|A Farewell (To 2009?) For the Captain||10.05.09 at 3:46 am ET|
Jason Varitek’s season had its moments, foremost in the first couple of months of the season, when he every time he connected with the ball it seemed to jump as if struck by a sledgehammer. But his performance waned as the season progressed, and so when Victor Martinez brought thump back to the catching position, Varitek saw his job description narrow.
Varitek’s playing time diminished, as the Sox worked to develop a rapport between Martinez and each of the four postseason starters. But the 37-year-old, who before this season signed a one-year, $5 million deal that came with a $5 million team option and a $3 million player option for the 2010 season, never made an issue of his decreased playing time.
“Jason Varitek has had a reduced role. He’s the captain of our team,” said Francona. “There hasn’t been one instance where Tek has done anything except try to help make our team better.”
As such, Francona felt compelled to give Varitek a moment to take a bow in Sunday’s season finale. After Clay Buchholz (who was working with Martinez) left the game, Varitek entered to work the middle innings. With one out in the top of the eighth, Dusty Brown entered the contest so that Varitek could leave the field to an ovation from the Fenway crowd.
Clearly, the ovation was about more than Varitek’s .209 average, .312 OBP and .703 OPS in 2009. Varitek received a salute from the crowd for his 1,439 games with the Red Sox, for the two World Series teams on which he was the defining clubhouse presence, and a career in which he has been focused solely on the betterment of his team, even if it came at the expense of personal goals.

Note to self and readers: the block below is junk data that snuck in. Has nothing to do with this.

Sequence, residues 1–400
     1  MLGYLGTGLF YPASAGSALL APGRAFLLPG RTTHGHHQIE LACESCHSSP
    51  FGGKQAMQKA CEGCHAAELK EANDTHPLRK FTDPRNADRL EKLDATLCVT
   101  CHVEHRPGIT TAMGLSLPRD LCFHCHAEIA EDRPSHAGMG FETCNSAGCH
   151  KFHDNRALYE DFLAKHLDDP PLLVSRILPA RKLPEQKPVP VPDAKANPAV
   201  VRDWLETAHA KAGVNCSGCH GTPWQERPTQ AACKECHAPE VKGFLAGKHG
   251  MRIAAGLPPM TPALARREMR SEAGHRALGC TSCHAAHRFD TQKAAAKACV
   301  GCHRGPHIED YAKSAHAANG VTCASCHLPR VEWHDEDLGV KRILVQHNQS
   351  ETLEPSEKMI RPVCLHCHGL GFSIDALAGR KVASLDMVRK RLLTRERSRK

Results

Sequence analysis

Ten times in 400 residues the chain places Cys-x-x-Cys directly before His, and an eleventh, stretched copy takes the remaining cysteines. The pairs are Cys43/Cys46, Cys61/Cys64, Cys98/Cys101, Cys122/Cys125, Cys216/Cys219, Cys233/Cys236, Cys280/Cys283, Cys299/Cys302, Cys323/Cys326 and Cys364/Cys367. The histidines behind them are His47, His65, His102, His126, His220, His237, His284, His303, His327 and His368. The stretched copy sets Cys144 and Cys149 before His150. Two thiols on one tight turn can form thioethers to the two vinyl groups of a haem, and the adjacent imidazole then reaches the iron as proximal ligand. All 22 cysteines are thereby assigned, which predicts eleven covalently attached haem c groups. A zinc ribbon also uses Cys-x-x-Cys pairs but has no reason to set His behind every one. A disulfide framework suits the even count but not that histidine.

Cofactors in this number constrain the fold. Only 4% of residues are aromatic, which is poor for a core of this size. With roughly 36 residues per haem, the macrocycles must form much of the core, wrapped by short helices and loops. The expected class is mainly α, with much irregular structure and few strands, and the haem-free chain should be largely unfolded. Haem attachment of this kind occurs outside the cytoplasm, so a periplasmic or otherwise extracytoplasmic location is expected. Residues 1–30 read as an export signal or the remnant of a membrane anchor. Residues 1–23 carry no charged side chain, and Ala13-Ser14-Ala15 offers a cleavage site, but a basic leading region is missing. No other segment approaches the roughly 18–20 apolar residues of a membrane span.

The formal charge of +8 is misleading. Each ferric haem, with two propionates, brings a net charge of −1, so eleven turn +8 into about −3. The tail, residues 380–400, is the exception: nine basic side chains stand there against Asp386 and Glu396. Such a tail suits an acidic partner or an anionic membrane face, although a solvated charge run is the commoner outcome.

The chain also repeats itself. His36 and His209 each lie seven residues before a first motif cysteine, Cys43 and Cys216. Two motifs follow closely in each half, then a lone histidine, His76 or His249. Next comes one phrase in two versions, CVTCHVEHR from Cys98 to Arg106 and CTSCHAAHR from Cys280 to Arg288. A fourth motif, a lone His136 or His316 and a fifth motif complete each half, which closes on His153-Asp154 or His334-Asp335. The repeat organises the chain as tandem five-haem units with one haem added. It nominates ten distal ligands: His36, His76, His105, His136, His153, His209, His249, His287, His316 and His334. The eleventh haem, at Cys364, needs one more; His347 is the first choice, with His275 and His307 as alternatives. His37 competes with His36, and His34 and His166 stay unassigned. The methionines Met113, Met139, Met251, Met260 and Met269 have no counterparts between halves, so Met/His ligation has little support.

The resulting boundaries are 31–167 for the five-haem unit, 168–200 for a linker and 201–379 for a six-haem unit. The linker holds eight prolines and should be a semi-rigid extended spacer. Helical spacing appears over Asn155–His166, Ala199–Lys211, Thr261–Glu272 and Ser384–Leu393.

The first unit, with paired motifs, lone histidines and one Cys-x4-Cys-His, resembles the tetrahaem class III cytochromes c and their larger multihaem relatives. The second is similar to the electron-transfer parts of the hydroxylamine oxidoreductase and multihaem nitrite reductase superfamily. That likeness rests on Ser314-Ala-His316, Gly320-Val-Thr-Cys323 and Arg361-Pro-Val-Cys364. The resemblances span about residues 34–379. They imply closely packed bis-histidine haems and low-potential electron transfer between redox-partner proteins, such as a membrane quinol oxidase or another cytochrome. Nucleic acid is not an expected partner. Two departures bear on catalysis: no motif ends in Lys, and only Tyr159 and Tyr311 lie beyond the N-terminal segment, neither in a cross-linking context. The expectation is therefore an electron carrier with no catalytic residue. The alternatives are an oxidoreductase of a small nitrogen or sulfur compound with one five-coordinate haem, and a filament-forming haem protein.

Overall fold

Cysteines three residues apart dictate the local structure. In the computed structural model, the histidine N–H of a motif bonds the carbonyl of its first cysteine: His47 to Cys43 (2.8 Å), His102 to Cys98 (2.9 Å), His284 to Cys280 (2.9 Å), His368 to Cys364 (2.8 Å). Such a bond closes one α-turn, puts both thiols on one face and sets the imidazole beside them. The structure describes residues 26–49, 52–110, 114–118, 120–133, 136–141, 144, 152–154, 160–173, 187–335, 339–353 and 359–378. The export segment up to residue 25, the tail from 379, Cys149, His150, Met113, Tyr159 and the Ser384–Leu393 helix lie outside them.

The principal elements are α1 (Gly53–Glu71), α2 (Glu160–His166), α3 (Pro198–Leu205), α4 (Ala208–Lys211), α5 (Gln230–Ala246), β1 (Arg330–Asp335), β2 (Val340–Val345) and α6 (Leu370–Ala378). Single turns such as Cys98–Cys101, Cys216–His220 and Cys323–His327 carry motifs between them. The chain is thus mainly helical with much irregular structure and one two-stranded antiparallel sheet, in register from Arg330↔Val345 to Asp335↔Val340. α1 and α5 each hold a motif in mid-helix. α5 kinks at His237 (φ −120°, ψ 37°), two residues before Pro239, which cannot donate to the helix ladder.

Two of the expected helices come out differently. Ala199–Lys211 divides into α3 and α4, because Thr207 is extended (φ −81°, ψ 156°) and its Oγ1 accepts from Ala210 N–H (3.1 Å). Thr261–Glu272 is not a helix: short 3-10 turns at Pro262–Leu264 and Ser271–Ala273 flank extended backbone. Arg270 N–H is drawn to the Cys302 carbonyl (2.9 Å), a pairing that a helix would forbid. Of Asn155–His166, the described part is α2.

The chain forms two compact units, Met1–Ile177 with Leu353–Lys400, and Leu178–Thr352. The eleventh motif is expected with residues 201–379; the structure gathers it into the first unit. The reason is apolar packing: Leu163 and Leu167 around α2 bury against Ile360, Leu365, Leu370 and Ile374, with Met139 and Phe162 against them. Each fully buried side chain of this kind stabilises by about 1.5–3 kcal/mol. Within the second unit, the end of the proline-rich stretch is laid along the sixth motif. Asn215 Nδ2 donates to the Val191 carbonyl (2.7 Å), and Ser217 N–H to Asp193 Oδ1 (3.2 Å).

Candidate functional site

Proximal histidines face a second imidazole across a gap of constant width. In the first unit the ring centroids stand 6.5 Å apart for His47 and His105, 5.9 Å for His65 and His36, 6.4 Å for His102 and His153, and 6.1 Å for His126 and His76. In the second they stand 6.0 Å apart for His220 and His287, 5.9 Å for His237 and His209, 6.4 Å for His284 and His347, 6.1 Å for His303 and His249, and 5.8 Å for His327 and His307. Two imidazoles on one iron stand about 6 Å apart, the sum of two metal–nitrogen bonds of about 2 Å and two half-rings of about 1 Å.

Varitek expressed appreciation for the treatment, even if it might him slightly sheepish.
“I get kind of embarrassed,” said Varitek. “It was kind of a blur for me. I got caught kind of off guard. … I’ve been here a long time. I definitely appreciate it.”
Of course, there is a chance that Sunday represented the final opportunity for Fenway Park to salute Varitek as a member of the Red Sox. Assuming that the Sox do not exercise their team option, it is conceivable that Varitek could decline the player option to seek a larger opportunity elsewhere, or that he could simply call it quits.
Right now, such scenarios are purely speculative. Varitek suggests that it would be inappropriate for him to discuss the 2010 season so long as his team is competing for a championship.
“That’s not a fair question to ask right now,” Varitek said of his plans for 2010. “We’ve got the playoffs to think of.”
Nonetheless, on Sunday, just in case 2009 becomes Varitek’s swan song with the Sox, it seemed an appropriate moment for the longtime backbone of the Sox to receive his due.
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